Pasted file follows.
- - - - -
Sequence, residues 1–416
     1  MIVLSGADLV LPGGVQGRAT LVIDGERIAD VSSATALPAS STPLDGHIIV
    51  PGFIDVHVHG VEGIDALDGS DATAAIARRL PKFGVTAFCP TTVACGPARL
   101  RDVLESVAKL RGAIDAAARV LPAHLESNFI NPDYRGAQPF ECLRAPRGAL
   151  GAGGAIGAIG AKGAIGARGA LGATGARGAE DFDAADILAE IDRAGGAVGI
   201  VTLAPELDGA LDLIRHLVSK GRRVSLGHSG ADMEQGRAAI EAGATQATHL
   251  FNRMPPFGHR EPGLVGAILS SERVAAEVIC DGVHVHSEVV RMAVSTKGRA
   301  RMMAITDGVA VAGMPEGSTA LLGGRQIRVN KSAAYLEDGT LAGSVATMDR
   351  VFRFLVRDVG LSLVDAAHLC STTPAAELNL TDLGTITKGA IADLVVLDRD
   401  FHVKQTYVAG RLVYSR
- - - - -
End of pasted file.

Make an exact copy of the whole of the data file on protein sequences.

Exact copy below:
Sequence, residues 1–416
     1  MIVLSGADLV LPGGVQGRAT LVIDGERIAD VSSATALPAS STPLDGHIIV
    51  PGFIDVHVHG VEGIDALDGS DATAAIARRL PKFGVTAFCP TTVACGPARL
   101  RDVLESVAKL RGAIDAAARV LPAHLESNFI NPDYRGAQPF ECLRAPRGAL
   151  GAGGAIGAIG AKGAIGARGA LGATGARGAE DFDAADILAE IDRAGGAVGI
   201  VTLAPELDGA LDLIRHLVSK GRRVSLGHSG ADMEQGRAAI EAGATQATHL
   251  FNRMPPFGHR EPGLVGAILS SERVAAEVIC DGVHVHSEVV RMAVSTKGRA
   301  RMMAITDGVA VAGMPEGSTA LLGGRQIRVN KSAAYLEDGT LAGSVATMDR
   351  VFRFLVRDVG LSLVDAAHLC STTPAAELNL TDLGTITKGA IADLVVLDRD
   401  FHVKQTYVAG RLVYSR